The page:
Signals from the European Central Bank (ECB) that monetary policy remains on an easing bias have boo...
Signals from the European Central Bank (ECB) that monetary policy remains on an easing bias have boosted sentiment in the global bond market.
Earlier this month, the ECB cut its key interest rate from 2.5% to 2% in a move widely expected by the markets. However, statements from ECB policymakers were the real focus of market attention.
'We weren't surprised by the cut itself, which was very much needed and quite expected,' says Steve Skinner, associate director of fixed interest at Hendersons.
'It was quite well received by the market, mainly because ECB president Wim Duisenberg held the green light out for more interest rate cuts. This saw interest rates fall further across the board, both in the European curve and the UK and US.'
The ECB accompanied the rate cut decision with a statement noting persistent downside risks to Euroland growth.
Duisenberg said the ECB has scaled down forecasts for European growth and inflation and said signs of an upturn in the economy are 'at best mixed'.
Market expectations of further interest rates were raised when Duisenberg said: 'We will monitor the situation and will act, if you want to hear the word, appropriately when the time is right'.
The Bank of England's Monetary Policy Committee (MPC), along with central banks in Australia and Canada, left interest rates on hold in June.
The MPC says it could not justify an easing of rates because of persistent inflation in the UK economy and some uncertainty on the economic outlook, while the Bank of Canada says its hand was stayed by a softening domestic economy and a steep fall in inflation. 'The Bank of England eased back in February and the UK economic data isn't indicating any downward pressure in terms of economic activity, so they are under less pressure to ease,' says Skinner.
'There is no immediate threat of deflation, as there is to a greater degree in Germany and the US, so the Bank of England can afford to wait.'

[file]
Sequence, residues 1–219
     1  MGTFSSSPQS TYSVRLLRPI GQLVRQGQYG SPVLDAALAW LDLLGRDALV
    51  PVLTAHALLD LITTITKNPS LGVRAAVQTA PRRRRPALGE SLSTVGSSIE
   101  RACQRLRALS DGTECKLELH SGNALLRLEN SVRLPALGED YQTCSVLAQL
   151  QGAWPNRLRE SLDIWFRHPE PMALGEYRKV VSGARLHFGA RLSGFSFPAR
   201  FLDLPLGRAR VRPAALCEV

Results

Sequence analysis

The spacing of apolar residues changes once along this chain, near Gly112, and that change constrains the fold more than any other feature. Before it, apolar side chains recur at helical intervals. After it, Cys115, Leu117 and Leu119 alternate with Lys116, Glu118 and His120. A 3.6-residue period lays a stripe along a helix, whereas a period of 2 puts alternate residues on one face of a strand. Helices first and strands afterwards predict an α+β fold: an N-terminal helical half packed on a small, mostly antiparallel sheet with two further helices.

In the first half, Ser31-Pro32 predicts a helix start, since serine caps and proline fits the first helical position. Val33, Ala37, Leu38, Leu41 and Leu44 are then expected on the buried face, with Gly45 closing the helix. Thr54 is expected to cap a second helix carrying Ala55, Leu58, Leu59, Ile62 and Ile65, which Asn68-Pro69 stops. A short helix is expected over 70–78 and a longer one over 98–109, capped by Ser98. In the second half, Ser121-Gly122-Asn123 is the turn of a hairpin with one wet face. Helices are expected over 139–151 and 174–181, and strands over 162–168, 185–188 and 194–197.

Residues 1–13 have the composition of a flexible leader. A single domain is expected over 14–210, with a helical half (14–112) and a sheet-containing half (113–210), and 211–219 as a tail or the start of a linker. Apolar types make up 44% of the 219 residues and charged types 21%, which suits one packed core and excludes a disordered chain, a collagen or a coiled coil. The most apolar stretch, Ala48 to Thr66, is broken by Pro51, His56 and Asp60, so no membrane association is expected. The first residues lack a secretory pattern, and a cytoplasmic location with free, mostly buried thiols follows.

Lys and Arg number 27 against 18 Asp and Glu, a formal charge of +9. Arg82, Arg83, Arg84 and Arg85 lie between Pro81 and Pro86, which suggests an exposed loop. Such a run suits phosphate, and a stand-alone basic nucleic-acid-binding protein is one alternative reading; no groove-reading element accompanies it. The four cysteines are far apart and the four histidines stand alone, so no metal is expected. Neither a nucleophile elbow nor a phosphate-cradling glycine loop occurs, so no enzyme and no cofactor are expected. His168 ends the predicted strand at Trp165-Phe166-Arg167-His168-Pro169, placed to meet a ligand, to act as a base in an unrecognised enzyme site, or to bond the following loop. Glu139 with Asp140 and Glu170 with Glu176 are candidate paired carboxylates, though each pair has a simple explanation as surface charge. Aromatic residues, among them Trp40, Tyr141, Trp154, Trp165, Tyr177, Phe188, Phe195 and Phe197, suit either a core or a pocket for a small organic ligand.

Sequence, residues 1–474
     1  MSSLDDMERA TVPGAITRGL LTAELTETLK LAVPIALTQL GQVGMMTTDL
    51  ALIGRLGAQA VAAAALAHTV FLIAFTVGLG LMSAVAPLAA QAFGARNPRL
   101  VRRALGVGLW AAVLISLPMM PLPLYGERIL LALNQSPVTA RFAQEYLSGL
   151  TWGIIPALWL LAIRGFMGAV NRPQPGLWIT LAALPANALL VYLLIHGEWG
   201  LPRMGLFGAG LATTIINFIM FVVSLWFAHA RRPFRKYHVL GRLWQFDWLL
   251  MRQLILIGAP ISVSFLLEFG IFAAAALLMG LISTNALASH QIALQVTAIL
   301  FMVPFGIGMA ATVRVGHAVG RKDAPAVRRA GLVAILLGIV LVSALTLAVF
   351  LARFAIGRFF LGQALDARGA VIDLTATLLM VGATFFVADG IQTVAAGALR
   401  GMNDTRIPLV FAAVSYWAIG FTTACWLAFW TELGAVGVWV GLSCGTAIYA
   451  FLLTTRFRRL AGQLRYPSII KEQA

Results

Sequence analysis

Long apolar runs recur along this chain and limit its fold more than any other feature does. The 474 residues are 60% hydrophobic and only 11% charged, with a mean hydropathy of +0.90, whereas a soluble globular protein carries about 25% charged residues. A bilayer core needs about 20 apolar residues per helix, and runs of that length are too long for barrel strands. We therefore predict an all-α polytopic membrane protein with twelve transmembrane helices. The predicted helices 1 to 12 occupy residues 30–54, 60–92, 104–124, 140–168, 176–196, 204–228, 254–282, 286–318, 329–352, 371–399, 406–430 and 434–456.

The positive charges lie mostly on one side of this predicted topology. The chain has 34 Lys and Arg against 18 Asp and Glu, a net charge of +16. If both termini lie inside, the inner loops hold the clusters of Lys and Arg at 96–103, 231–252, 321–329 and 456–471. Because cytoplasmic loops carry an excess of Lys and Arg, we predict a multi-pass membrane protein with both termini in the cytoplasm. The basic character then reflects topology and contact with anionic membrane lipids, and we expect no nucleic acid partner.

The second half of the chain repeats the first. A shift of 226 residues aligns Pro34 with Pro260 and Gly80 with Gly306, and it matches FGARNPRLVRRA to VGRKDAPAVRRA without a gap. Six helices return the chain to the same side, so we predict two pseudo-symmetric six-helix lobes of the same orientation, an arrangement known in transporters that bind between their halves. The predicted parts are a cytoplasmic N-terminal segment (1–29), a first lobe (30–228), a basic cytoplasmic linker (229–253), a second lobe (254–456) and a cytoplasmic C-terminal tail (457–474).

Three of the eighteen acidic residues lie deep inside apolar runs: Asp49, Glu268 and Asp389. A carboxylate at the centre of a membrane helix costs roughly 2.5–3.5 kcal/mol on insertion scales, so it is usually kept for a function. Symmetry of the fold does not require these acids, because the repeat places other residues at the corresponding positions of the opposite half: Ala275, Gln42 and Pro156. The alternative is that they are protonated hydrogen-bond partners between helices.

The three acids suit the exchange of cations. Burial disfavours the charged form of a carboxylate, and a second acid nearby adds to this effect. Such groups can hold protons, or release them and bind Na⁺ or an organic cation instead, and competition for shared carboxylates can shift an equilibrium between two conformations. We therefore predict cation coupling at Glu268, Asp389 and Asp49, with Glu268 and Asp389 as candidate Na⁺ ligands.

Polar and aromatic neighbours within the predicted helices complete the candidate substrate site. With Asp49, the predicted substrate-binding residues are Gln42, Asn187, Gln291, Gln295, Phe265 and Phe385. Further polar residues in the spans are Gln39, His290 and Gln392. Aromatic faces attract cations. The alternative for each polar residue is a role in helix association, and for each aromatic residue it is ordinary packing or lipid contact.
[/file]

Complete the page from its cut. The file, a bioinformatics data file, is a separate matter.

The US is also likely to leave rates on hold as it has already put an enormous amount of stimulus into the US economy not only by cutting interest rates but also via fiscal policy.
'It was appropriate for the Fed to sit back and see if it is having any effect,' Skinner says.
Nonetheless, the bond market will be supported by a continued easing bias on the part of Federal Reserve chairman Alan Greenspan.
'Greenspan's warnings with regard to deflation have helped keep rates on a steady tack going forward and he has pretty well underlined the market,' Skinner says. 'He wants rates to be kept low not only in the short end but also the long end of the curve, which will help revive corporate America.'
Demand from issuers buying back their own debt, along with consequent ratings upgrades from such restructuring, is also helping support bonds in general, he adds.
'We are running long duration versus our benchmark indices as we think there is still a lot of deleveraging that needs to be done following the excesses of the late 1990s, particularly in the US, and we believe the Fed is going to keep rates low,' Skinner says. 'While we don't believe the US will end up in deflation, the threat of it does provide long-term support for bonds.'
ECB cut interest rates in June.
Further rate cuts expected.
European inflation pressures easing.
UK and Australian rates on hold in June.
interest rates are already low.
Persistent inflation in the UK.
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